Bikeway and walkway

Healthy Activity Environment

Building Places that Get People Moving

Our surroundings can have a profound impact on our actions. This is especially so when it comes to physical activity. If a city has few sidewalks, for example, few people will walk places. If there are no safe places to ride bikes, few people will commute by bike to work or school. If there are no gyms nearby, few people will have a safe and comfortable place to exercise.

 

In This Section

More bikeways, less urban sprawl, safer parks—there are many strategies communities can use to make active lifestyles the norm. Read recommendations for designing communities that promote daily activity and making activity safe, affordable, and accessible.

Tools and Resources (tools_and_resrouces.jpg)

Related Topics (related-topics.jpg)

In a nation—and, increasingly, world—where people get less and less physical activity, the “built environment”—the actual physical structures that make up the places where we live, eat, work, play, and go to school—is a key component in the fight against obesity. And it deserves a great deal of attention.

An activity-friendly environment is one that offers a variety of safe and affordable ways to be active. Some environmental changes can help people weave activity into their everyday routines, such as promoting active transportation, so people can walk or ride bikes to shops, school, and workplaces; instituting land use practices that discourage pedestrian-unfriendly sprawl; or designing buildings with attractive stairs, bicycle storage rooms, and layouts that encourage people to get up from their desks. These everyday activity approaches hold promise because they don’t require people to add “exercise” to the to-do list. Other changes can promote active “play” for all ages during free time, such as by opening school gyms to community use on evenings and weekends, or improving public safety, so that people feel comfortable being active outdoors. Media campaigns and social marketing can also help change social norms and encourage people to become more active as part of their daily routine and during their free time.

Integral to implementing such strategies are concerted efforts across many disciplines—transportation and city planners, private developers and employers, community groups and educators. Small-scale changes to the built environment can make a difference. Large-scale changes can make a difference. Together over time, they can provide the structure and support needed to make real and robust strides again obesity.

This section of the website summarizes broad recommendations for improving the physical activity environment, based on a review of expert guidance from the Centers for Disease Control and Prevention, the Institute of Medicine, the World Health Organization, and other major governmental, professional, and public health advocacy organizations. While many of the recommendations are aimed at the local level, state and national governments also play an important role. For more detailed guidance on these recommendations and ideas for putting them into practice, explore the source list on each page, as well as the links to useful toolkits and other resources. Keep in mind that these recommendations are based primarily on a review of U.S. expert guidance, unless otherwise indicated; in other countries, different policy approaches may be needed to achieve improvements in the physical activity environment.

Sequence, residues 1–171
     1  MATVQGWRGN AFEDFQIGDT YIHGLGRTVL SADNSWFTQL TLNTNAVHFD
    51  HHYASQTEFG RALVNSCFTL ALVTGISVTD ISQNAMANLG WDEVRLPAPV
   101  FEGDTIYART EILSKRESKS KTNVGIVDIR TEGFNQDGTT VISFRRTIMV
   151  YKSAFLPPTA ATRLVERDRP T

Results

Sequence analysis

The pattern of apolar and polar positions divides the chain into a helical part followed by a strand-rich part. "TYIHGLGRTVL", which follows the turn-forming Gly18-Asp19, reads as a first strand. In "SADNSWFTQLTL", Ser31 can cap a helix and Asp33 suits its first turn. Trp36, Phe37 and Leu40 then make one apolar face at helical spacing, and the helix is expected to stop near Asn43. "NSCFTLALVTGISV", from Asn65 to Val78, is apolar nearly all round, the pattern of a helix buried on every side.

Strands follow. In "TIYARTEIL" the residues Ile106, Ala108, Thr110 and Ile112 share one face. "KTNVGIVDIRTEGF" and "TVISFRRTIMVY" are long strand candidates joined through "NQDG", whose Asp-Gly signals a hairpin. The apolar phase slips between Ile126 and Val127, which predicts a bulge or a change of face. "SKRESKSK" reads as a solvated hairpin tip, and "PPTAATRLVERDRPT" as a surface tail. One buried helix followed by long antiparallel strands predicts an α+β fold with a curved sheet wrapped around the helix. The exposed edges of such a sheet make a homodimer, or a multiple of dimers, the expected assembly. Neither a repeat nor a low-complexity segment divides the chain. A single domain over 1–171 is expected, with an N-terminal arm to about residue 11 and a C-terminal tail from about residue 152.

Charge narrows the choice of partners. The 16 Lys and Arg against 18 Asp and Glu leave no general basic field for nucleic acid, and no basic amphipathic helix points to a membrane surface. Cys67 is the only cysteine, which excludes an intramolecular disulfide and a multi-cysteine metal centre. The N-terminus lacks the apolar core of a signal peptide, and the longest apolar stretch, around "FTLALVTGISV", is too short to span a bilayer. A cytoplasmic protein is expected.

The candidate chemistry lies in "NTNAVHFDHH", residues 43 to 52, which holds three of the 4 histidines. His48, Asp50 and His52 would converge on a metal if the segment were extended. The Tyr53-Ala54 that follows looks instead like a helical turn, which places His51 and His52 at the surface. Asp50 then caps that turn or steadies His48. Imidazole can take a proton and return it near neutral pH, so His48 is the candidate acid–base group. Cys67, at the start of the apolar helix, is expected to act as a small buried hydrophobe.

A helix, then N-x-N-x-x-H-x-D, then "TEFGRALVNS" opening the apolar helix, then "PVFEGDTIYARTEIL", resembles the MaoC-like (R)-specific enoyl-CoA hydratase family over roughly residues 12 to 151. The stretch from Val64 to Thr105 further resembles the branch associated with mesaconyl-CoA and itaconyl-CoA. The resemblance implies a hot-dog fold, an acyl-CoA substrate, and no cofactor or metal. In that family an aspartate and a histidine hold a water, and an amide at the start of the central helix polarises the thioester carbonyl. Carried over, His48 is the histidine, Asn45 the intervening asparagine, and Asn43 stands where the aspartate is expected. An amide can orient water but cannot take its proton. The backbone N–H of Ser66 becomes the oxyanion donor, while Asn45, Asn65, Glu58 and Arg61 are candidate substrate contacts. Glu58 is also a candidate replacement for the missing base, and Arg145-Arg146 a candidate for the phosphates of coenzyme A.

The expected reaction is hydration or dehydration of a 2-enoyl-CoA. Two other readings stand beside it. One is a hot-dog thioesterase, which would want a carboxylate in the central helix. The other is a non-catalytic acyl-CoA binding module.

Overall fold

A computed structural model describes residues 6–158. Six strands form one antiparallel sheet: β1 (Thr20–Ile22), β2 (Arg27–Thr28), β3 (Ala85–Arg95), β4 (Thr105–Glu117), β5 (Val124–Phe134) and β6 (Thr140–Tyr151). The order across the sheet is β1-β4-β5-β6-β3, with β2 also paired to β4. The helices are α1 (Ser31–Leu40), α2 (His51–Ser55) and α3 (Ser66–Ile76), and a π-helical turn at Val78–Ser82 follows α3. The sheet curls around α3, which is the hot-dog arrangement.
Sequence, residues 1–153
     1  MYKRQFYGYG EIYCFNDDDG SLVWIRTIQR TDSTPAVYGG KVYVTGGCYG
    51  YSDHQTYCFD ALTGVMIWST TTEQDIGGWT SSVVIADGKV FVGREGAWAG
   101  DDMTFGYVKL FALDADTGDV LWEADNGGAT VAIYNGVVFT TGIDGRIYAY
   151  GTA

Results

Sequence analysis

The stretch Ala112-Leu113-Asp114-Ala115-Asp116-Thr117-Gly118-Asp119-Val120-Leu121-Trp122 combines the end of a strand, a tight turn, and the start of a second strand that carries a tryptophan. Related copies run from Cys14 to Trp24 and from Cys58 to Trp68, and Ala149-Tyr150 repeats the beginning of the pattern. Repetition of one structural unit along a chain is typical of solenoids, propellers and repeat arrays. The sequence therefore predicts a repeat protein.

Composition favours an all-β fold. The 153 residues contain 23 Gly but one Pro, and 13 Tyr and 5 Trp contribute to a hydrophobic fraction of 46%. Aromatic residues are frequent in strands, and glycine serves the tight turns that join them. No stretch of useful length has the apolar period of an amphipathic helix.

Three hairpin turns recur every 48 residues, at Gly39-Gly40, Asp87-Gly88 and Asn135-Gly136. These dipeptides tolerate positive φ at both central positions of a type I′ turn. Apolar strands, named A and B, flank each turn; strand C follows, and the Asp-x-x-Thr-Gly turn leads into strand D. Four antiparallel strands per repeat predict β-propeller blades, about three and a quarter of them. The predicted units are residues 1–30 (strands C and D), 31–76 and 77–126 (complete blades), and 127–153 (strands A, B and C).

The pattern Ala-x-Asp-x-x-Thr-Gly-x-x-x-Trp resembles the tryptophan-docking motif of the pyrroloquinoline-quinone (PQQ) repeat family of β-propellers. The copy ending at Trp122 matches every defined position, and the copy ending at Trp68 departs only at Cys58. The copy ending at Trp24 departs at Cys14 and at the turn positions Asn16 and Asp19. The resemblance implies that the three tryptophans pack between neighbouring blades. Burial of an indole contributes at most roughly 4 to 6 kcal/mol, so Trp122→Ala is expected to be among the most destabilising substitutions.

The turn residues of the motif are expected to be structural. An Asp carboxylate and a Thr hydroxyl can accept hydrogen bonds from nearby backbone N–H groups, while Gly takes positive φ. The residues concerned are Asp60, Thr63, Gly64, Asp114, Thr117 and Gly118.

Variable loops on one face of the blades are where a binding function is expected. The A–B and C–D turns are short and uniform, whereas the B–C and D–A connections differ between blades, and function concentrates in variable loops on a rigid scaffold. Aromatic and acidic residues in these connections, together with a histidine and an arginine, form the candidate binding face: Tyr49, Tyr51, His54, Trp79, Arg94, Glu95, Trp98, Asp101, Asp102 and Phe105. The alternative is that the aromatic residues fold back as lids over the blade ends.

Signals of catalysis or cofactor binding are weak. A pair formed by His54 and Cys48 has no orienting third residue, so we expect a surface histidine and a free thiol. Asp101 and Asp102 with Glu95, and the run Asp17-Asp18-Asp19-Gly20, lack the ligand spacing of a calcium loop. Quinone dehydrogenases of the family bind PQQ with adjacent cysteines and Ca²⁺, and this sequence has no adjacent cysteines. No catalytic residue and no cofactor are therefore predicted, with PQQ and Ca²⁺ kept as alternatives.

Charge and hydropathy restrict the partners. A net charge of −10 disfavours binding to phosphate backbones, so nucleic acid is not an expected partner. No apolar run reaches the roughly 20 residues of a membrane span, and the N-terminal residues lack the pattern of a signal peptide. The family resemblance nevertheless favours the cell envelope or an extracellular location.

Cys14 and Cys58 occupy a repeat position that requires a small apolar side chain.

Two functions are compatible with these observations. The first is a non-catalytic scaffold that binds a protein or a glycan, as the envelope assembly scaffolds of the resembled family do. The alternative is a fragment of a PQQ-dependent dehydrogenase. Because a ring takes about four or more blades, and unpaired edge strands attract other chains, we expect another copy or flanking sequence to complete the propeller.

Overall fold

Community Design and Active Transportation

Building activity into daily life means changing the way that our communities are built.
Read more…

Safe, Affordable, and Accessible Physical Activity

Lowering the cost of sports programs, lighting parks at night: There are many ways for communities to remove barriers to recreational activity.
Read more…

Mass Media and Technology to Encourage Activity

Mass media and social media can help motivate people to get off the couch and get moving.
Read more…

Terms of Use

The aim of the Harvard School of Public Health Obesity Prevention Source Web site is to provide timely information about obesity’s global causes, consequences, prevention, and control, for the public, health and public health practitioners, business and community leaders, and policymakers. The contents of this Web site are not intended to offer personal medical advice. You should seek the advice of your physician or other qualified health provider with any questions you may have regarding a medical condition. Never disregard professional medical advice or delay in seeking it because of something you have read on this Web site. The Web site’s obesity prevention policy recommendations are based primarily on a review of U.S. expert guidance, unless otherwise indicated; in other countries, different policy approaches may be needed to achieve improvements in food and physical activity environments, so that healthy choices are easy choices, for all.